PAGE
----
Daily World News Digest, 3 February 2015

UN court dismisses Croatia and Serbia genocide claims

The BBC reports that the International Court of Justice has ruled that Serbia and Croatia did not commit acts of genocide against each other during the Balkan wars. The Croatian government had alleged that Serbia committed genocide in the town of Vukovar and elsewhere in 1991. Serbia later filed a counter-claim over the expulsion of more than 200,000 Serbs from Croatia. The Croatian town of Vukovar was devastated when it was occupied by Serbs for three months in 1991. Tens of thousands of ethnic Croats were displaced, and about 260 Croat men were detained and killed. Four years later, the Croatian military’s Operation Storm bombarded the majority ethnic-Serb Krajina area, forcing about 200,000 people from their homes. Speaking in court on Tuesday, Judge Peter Tomka dismissed both the Croatian claim and the Serbian counter-claim. Forces on both sides had carried out violent acts during the war, Judge Tomka said. However, neither side had provided sufficient evidence to demonstrate the “specific intent required for acts of genocide”. http://bbc.in/1uSYe0T

Police search for 4,000 missing children every month in Turkey

The Hurriyet Daily News in Turkey reported on 2 February that Turkish police search for nearly 4,000 missing children every month, and that 2,600 people have been found in the past four months. The Turkish national police launched a special team in 2013 of 5,000 experts and police to improve searches for missing persons. Some of those who have been found in the last four months, had been missing for more than 20 years, the paper said. http://bit.ly/1uTirn6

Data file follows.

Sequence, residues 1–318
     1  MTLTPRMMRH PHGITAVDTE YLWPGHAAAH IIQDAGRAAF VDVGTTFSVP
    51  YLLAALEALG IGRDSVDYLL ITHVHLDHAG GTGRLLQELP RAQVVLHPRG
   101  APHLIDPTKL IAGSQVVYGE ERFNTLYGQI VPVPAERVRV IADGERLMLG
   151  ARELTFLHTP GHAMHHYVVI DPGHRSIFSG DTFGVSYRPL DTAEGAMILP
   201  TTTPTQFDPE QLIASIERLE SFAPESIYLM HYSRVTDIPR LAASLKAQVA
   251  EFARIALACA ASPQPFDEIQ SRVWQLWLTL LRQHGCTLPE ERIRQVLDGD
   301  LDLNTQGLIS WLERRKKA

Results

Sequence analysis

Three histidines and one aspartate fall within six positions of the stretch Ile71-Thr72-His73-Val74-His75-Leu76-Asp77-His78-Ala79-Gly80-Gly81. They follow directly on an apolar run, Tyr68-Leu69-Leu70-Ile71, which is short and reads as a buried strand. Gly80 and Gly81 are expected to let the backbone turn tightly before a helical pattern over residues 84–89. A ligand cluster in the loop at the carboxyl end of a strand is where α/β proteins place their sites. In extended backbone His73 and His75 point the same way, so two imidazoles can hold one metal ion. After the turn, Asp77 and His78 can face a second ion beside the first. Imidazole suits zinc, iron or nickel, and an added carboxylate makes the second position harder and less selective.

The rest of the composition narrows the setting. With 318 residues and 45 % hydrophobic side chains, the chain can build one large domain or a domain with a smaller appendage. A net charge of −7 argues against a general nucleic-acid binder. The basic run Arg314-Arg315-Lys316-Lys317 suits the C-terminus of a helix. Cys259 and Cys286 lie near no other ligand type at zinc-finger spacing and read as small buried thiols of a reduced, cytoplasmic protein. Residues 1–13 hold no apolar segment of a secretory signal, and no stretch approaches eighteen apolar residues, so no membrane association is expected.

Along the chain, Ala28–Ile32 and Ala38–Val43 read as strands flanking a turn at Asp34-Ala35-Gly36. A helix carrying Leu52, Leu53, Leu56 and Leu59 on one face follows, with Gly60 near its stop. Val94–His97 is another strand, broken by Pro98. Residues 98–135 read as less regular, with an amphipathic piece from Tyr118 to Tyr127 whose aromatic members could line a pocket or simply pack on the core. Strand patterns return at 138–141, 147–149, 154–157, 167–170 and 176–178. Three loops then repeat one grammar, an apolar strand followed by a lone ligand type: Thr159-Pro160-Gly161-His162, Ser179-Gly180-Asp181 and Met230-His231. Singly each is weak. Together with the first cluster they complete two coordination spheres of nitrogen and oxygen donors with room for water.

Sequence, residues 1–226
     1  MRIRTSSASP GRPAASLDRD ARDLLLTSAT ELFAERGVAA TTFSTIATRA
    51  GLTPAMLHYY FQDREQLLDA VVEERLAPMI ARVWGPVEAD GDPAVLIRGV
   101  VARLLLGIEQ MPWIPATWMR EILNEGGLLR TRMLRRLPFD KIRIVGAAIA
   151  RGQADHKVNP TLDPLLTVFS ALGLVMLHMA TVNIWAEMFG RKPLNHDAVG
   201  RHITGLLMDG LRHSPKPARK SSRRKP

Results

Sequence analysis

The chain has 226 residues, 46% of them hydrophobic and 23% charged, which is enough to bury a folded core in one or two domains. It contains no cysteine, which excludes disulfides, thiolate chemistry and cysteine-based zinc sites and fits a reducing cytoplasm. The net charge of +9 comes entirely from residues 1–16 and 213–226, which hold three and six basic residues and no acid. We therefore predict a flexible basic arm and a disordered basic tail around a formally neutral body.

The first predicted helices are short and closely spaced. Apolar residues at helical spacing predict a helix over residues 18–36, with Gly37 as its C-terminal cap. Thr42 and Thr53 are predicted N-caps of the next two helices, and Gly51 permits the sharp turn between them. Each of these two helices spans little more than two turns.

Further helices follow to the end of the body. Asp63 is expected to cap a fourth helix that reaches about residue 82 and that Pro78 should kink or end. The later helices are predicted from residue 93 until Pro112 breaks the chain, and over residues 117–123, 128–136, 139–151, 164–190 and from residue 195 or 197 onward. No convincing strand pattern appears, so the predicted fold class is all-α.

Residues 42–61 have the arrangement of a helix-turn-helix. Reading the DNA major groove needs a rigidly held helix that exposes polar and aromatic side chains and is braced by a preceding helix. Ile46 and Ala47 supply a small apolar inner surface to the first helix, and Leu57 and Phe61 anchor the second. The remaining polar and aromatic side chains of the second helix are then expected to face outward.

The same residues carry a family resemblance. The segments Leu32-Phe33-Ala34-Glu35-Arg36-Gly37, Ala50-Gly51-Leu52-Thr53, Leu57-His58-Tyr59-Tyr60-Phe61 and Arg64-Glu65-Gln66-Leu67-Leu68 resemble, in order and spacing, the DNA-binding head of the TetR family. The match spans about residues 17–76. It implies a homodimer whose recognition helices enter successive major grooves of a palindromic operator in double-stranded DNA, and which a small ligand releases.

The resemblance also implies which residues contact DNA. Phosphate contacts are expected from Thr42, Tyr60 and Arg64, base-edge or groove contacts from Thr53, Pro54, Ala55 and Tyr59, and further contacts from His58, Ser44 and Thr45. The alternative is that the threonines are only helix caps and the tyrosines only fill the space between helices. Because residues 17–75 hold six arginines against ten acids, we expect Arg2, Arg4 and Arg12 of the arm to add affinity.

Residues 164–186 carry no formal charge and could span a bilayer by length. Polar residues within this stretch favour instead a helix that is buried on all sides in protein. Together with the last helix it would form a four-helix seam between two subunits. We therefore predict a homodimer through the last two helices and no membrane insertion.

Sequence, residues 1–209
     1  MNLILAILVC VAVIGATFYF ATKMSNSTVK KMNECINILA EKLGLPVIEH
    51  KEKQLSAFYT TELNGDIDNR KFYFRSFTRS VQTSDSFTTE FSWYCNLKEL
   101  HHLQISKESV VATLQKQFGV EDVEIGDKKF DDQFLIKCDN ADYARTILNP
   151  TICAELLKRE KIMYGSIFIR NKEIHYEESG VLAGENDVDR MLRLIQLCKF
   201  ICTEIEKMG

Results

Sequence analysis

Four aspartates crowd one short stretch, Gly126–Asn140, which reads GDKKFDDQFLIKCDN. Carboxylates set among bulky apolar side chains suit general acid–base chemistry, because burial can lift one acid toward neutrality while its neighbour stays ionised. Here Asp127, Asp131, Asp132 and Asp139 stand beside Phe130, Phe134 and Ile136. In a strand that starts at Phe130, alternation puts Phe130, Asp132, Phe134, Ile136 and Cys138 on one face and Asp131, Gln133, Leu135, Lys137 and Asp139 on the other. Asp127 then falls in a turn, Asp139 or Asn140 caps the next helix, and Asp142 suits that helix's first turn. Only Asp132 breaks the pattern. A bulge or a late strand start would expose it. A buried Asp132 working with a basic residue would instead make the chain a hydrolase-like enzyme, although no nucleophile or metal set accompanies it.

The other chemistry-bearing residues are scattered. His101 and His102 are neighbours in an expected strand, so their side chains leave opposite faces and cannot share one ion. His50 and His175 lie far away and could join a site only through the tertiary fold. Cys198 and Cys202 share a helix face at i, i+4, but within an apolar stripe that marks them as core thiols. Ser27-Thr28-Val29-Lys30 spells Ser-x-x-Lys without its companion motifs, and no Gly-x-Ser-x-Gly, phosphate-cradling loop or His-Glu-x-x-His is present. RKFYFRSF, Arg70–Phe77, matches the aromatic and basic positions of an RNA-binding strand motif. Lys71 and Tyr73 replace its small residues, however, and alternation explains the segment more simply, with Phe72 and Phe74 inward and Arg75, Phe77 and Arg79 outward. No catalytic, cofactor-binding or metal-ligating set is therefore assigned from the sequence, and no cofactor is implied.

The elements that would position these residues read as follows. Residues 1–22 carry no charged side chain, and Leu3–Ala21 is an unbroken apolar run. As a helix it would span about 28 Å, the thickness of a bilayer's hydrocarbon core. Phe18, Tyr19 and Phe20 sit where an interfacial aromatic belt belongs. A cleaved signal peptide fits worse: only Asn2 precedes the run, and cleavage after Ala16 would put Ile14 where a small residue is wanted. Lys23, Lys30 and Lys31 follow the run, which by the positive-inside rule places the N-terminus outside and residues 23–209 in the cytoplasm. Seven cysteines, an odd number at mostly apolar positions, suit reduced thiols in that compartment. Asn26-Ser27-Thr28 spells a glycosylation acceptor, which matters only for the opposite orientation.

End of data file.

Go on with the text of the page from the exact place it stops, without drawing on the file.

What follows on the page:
Argentina’s stolen children

Russia Today broadcast a documentary on 29 January on the estimated 500 children in Argentina who had their identities erased in the 1970s after their parents were murdered and the children were give for adoption to families that were considered loyal to the regime. The report includes interviews with grandparents of lost children and with childre who have been able to recover their identiy, and examines the campaign to address the issue through political and legal initiatives. http://bit.ly/1HRltDJ

International “naming and shaming” not enough in Mexico

On 2 February the Open Democracy web portal published an analysis of the impact of international “naming and shaming” on the approach by Mexican authorities to the country’s missing persons crisis. Noting that the enforced disappearances of 43 university students in the town of Iguala in September appear to be only the tip of a human rights violations iceberg and that many of Mexico’s tens of thousands of disappearances over the past years are likely to have been the result of state actions, including police acting in collusion with criminals, the report argues that international outrage over past human rights crises in Mexico has failed to generate authentic reform on the part of the authorities. http://bit.ly/1zC2Tdt